PEPYS, Charles Christopher (1781-1851), of 13 New Square, Lincoln's Inn, Mdx.

Published in The History of Parliament: the House of Commons 1820-1832, ed. D.R. Fisher, 2009
Available from Cambridge University Press



14 July 1831 - 26 Sept. 1831
30 Sept. 1831 - 20 Jan. 1836

Family and Education

b. 29 Apr. 1781, 2nd s. of Sir William Weller Pepys, 1st bt. (d. 1825), of Wimpole Street, Mdx. and Ridley Hall, Cheshire and Elizabeth, da. of William Dowdeswell† of Pull Court, Worcs. educ. Harrow 1795-7; Trinity Coll. Camb. 1797; L. Inn 1801, called 1804. m. 30 June 1821, Caroline Elizabeth, da. of William Wingfield† of Lincoln’s Inn, 7s. (1 d.v.p.) 9da. (3 d.v.p.). kntd. 26 Feb. 1834; cr. Bar. Cottenham 20 Jan. 1836; suc. elder bro. Sir William Weller Pepys, 2nd bt., in the baronetcy (1801) and to Ridley and Tandridge Park, Godstone, Surr. 5 Oct. 1845; cos. Hon. and Rev. Sir Henry Leslie, 3rd bt., rect. of Wetherden, Suff., in the baronetcy (1784) 9 Dec. 1849; cr. earl of Cottenham 11 June 1850. d. 29 Apr. 1851.

Offices Held

KC 24 Aug. 1826; bencher, L. Inn 1826, treas. 1837; solicitor-gen. to Queen Adelaide Nov. 1830-May 1832; solicitor-gen. Feb.-Sept. 1834; master of rolls Sept. 1834-Jan. 1836; PC 1 Oct. 1834; member, jud. cttee. of PC 1834; first commr. of great seal Apr. 1835-Jan. 1836; ld. chan. Jan. 1836-Sept. 1841, July 1846-June 1850.


Pepys came from the same old Cambridgeshire family to which the celebrated diarist belonged. His grandfather William Pepys, a youngest son, established a banking house in Lombard Street, London in about 1729, but died aged 45 in 1743. With his second wife Hannah Weller he had two sons, of whom the younger, Lucas Pepys (1743-1830), became one of George III’s physicians and received a baronetcy in 1784. The elder son William Weller Pepys (1741-1825), the father of this Member, was a master in chancery, 1775-1807, and was made a baronet in 1801. A man of learning and refinement, ‘well known in polite circles’ as one of the ‘steadiest abettors’ of Elizabeth Montagu and the Bluestockings, he was characterized by Hannah More as ‘the true high priest of conversation’ and twitted by Horace Walpole for ‘having a nose longer than himself’. In 1781 Dr. Johnson admitted to Mrs. Thrale that she had extolled Pepys ‘with such disproportion’ that he had been provoked to ‘lessen him, perhaps more than he deserves’. Pepys held liberal views and, as Walpole noted, was ‘not a little infected with ... the French disorder’ in 1791, when he pronounced the Revolution to be ‘one of the most wonderful and most important events in the history of mankind’.1 Over 30 years later Maria Edgeworth described him as ‘a most agreeable, lively, polite old gentleman, who tells delightful anecdotes of Mrs. Montagu, Sir Joshua Reynolds, Burke and Dr. Johnson, with whom he lived in former days’.2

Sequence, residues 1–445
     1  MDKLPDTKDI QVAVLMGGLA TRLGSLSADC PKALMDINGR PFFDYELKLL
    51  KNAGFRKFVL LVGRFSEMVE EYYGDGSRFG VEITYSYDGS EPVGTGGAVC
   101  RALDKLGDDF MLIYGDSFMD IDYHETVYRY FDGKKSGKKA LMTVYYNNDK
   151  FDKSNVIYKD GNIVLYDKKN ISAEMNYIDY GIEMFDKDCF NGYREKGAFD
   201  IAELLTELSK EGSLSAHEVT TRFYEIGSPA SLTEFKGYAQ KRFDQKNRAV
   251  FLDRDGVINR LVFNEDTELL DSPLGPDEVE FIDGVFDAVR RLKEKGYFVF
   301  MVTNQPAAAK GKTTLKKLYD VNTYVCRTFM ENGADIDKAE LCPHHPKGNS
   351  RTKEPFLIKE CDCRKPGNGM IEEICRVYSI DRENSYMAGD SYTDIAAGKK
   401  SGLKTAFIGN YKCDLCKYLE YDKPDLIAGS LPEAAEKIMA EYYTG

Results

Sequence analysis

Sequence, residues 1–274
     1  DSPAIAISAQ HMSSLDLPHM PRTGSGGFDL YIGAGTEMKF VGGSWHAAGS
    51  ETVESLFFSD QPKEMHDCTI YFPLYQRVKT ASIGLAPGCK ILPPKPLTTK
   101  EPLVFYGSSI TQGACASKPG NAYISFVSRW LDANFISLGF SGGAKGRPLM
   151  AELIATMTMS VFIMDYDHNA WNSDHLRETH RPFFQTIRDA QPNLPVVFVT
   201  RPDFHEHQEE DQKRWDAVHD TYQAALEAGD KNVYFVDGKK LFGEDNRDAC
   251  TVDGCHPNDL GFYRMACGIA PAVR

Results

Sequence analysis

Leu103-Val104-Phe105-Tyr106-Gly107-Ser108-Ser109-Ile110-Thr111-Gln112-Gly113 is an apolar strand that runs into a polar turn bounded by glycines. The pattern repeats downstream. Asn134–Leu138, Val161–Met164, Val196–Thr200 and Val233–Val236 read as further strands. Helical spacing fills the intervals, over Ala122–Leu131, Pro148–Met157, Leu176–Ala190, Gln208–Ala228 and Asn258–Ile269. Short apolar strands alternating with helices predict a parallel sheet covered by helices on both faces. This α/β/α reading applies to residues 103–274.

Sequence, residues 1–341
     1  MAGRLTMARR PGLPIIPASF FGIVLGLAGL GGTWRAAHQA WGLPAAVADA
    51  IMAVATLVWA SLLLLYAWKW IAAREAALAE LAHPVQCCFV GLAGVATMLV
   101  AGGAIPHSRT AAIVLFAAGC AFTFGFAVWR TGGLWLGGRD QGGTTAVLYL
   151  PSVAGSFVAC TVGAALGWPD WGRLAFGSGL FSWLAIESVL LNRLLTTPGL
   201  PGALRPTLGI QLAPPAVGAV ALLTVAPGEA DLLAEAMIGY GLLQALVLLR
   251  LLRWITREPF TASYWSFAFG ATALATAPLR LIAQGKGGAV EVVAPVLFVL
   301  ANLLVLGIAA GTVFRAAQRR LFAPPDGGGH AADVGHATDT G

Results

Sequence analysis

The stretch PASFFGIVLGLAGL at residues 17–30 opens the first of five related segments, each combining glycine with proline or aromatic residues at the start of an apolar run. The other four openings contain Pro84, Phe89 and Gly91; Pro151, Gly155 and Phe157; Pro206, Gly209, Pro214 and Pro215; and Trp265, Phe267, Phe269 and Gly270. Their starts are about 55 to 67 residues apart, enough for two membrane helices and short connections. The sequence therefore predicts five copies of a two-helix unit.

Pepys doted on his three sons with the daughter of the Rockinghamite politician Dowdeswell, and took great pains over their education at home before sending them to school. The eldest, William Weller Pepys (1778-1845), succeeded to the baronetcy, but suffered from poor health and made no mark in public life. The youngest, Henry Pepys (1783-1866), took holy orders and became bishop of Worcester in 1841. The second, this Member, was at Harrow with Lord Althorp*, whose memories of him were recorded, and perhaps embroidered, by his friend and biographer Denis Le Marchant†:

A stout, sturdy, thickset boy, of blunt speech and cold disposition, aiming at no distinction, making few friends, and exhibiting no traces of the peculiar discipline to which paternal care had subjected him. His proficiency in scholarship was respectable, but unaccompanied by a spark of genius. No one could say that he was clever; some of his schoolfellows pronounced him dull. His dark, searching eyes, massive forehead, and expressive lips, refuted the charge; and he had an air of independence and determination which indicated an inward consciousness of superiority.

In 1797 his father was pleased to see that he was ‘developing very fast those good qualities, which, I never doubted, would by time and opportunity, expand themselves’, and the following year, hearing good auguries of his university examinations, had ‘no doubt that I shall always have reason to be glad, that I indulged him in his request to pass some time at Cambridge’. At Lincoln’s Inn he was a pupil of William Tidd and was advised for a time by Samuel Romilly†. Although his indulgent father rejoiced in his ‘rapid and uncommon’ success at the chancery bar, his progress there as an equity draftsman was in fact exceedingly slow. Yet in time he built up a large practice on the strength of his reputation as, in Le Marchant’s words, ‘a lawyer of sound, though not showy parts, and of indefatigable industry’.3 He made a felicitous and fecund marriage, at the age of 40, in 1821, pocketed some £6,600 in bank stock by his father’s will, and at last got his silk gown in 1826.4

Pepys, who by 1813 had become legal adviser and auditor to the 2nd Earl Fitzwilliam, was in the running for the post of solicitor-general in the Grey ministry in November 1830, but was passed over for Sir William Horne*, whom he replaced as solicitor-general to Queen Adelaide.5 At the 1831 general election lord chancellor Brougham pressed Fitzwilliam’s son, Lord Milton*, to return Pepys, as he was ‘most essential to my [legal] reforms and a most useful man in all ways, as well as a most respectable’, but subsequently advanced his own brother’s claims instead. In July 1831 Milton placed the surplus seat at Higham Ferrers at Pepys’s disposal, on condition that he ceased to audit the Fitzwilliams’ accounts, though he was retained as their legal adviser for ‘a regular annual fee’ of 100 sovereigns.6 According to Le Marchant, Pepys in return ‘insisted on being left to his own discretion as to attendance in the House’, in order to safeguard his professional livelihood, ‘a privilege which he used with such freedom, as to lose in the eyes of his party all claims to the honours of his profession’.7